Cat Pneumonia Symptoms: What to Look For

If you’re like most cat owners, the health and wellbeing of your cat are always at the front of your mind. And the truth is, there’s a lot out there that can affect the health of your cat or put him in danger of serious injury or death.

If it’s not coyotes and cars, it’s colds and respiratory infections. Some things, such as coyotes, you can’t control, but there are plenty of things you can do to prevent respiratory infections, such as pneumonia in your cat.

That’s why the experts at Canna-pet have put together this article to fill you in on the symptoms of cat pneumonia. That way you’ll be in the best position to catch the infection before it worsens. This is important because it’s well known that the earlier you catch a respiratory infection, the easier it is to treat.

The simple reason for this is that the longer an infection has to take root, the more ‘defense’ systems it can build. For example, lots of microbes (the leading cause of pneumonia in cats) will develop what’s called a biofilm around their colonies.

A biofilm is basically a thin sheet of material that is hard to puncture. This means that antibiotics may be less effective after biofilms are put up. The biofilm acts as a shield that the antibiotic cannot get through.

This is why it’s important to regularly check on your cat and bring him to the vet if any signs or symptoms of pneumonia should occur.

This article will cover:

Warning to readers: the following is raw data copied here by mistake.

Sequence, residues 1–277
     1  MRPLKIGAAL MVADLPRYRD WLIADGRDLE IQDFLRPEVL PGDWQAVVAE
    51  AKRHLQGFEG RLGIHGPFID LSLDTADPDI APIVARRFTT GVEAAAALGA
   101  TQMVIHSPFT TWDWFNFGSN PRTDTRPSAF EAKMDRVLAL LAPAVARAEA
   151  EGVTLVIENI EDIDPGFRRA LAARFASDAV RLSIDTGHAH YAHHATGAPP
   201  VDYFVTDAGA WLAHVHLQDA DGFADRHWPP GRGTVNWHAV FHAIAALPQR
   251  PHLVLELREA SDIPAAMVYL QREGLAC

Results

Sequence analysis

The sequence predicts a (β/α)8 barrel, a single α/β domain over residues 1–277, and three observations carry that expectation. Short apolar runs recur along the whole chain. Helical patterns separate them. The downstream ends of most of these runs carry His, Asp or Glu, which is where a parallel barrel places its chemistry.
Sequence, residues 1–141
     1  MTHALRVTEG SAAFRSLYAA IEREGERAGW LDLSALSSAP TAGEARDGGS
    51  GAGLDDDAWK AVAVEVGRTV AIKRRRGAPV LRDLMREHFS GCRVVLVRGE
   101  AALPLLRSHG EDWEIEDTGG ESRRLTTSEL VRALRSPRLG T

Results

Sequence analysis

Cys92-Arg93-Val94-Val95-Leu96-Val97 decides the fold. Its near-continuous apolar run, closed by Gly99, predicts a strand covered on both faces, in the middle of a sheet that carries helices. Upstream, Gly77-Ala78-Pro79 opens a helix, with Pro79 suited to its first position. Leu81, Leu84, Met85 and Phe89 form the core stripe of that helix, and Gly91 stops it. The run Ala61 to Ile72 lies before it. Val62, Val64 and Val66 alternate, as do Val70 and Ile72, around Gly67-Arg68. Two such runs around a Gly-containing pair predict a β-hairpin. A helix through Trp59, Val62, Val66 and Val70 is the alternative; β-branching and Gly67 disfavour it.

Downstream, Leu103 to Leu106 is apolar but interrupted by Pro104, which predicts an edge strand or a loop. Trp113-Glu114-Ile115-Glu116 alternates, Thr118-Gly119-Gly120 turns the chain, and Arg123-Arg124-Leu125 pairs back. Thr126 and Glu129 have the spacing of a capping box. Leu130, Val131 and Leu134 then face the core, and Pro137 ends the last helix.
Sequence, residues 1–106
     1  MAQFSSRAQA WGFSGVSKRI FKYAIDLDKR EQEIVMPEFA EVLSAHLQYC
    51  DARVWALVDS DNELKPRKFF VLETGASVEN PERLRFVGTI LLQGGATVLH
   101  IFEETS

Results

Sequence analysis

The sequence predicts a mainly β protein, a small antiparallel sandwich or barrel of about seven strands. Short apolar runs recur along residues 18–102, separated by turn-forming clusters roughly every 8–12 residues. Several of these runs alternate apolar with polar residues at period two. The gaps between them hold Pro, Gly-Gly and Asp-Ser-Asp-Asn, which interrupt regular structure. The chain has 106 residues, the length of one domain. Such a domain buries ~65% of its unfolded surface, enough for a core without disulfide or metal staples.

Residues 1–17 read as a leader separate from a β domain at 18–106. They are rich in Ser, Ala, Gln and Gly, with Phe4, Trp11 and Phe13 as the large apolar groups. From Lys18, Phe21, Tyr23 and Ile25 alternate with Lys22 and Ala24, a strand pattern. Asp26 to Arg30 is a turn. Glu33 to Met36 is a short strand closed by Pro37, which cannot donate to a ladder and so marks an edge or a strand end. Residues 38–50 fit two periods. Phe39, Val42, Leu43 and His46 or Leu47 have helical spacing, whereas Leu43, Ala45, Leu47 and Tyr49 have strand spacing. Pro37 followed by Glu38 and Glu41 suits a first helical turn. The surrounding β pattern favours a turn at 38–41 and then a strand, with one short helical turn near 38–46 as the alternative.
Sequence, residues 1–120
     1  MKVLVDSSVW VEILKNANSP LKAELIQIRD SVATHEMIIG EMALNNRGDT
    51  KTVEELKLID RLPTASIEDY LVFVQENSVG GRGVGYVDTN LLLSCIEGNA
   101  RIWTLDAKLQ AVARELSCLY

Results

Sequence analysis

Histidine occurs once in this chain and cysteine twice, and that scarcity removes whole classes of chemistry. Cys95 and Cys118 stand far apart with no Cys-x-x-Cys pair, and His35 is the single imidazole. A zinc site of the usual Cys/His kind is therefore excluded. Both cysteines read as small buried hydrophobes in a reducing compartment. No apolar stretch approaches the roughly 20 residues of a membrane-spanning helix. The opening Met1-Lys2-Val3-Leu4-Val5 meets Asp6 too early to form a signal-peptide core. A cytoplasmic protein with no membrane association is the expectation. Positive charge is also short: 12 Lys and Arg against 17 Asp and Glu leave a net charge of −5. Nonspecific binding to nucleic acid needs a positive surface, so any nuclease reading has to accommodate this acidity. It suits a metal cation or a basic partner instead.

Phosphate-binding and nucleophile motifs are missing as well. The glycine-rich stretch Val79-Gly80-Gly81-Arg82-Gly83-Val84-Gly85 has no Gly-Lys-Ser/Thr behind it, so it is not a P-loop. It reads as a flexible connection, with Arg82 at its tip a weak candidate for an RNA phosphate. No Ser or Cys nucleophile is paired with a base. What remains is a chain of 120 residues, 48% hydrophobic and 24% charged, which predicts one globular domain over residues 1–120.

• What exactly is cat pneumonia?
  • What are the causes of cat pneumonia?
  • The signs and symptoms of cat pneumonia so you can spot them and get your cat healthy again.
  • What to do if you notice your cat has the signs and symptoms of cat pneumonia.
  • A powerful supplement you can give to prevent and help treat pneumonia in your cat.

What is Cat Pneumonia?

Pneumonia is a condition where the lungs and lower respiratory tract become inflamed. To help you picture this, it may be helpful to know that  respiratory systems consist of two tracts.

The upper tract is the nose, sinuses, throat, larynx, and windpipe.

The lower tract consists of the smaller airways, such as the bronchioles, lungs, and surrounding tissues.

Cat pneumonia falls into two broad categories. The first category is microbial pneumonia (more commonly called bacterial, fungal, or viral pneumonia) and the second is aspiration pneumonia.

Microbial pneumonia is caused by an infection. Many times the infection starts as a viral infection which opens the doors to a fungal or bacterial infection.

Microbial pneumonia is considered a serious condition and will often require a trip to the vet. If you think your cat may have microbial pneumonia, you should bring him in right away.

Microbial pneumonia is usually caused by a weakened immune system and exposure to microbes. For example, some cats may get fungal pneumonia after digging in contaminated soil.

The other type of pneumonia cats can get is called aspiration pneumonia. Aspiration pneumonia occurs when a cat inhales a foreign object or foreign matter, or if they vomit stomach acids into their airways.

The most dangerous part of aspiration pneumonia is the chance of obstruction of the airway. Long-term damage to the lungs is also possible in this case.

Aspiration pneumonia is caused by the lungs becoming inflamed from bacteria that came in on the foreign material, or from irritants causing a weakened immune system.

For example, if your cat is forced to inhale smoke, smog, toxins, or other pollutants, he could be at a higher risk of developing pneumonia. Make sure your cat has access to clean air so he can breathe with healthy lungs.

What Causes Cat Pneumonia

So you know cat pneumonia is most commonly caused by a microbial infection, but what little bugs should you keep your eyes peeled for?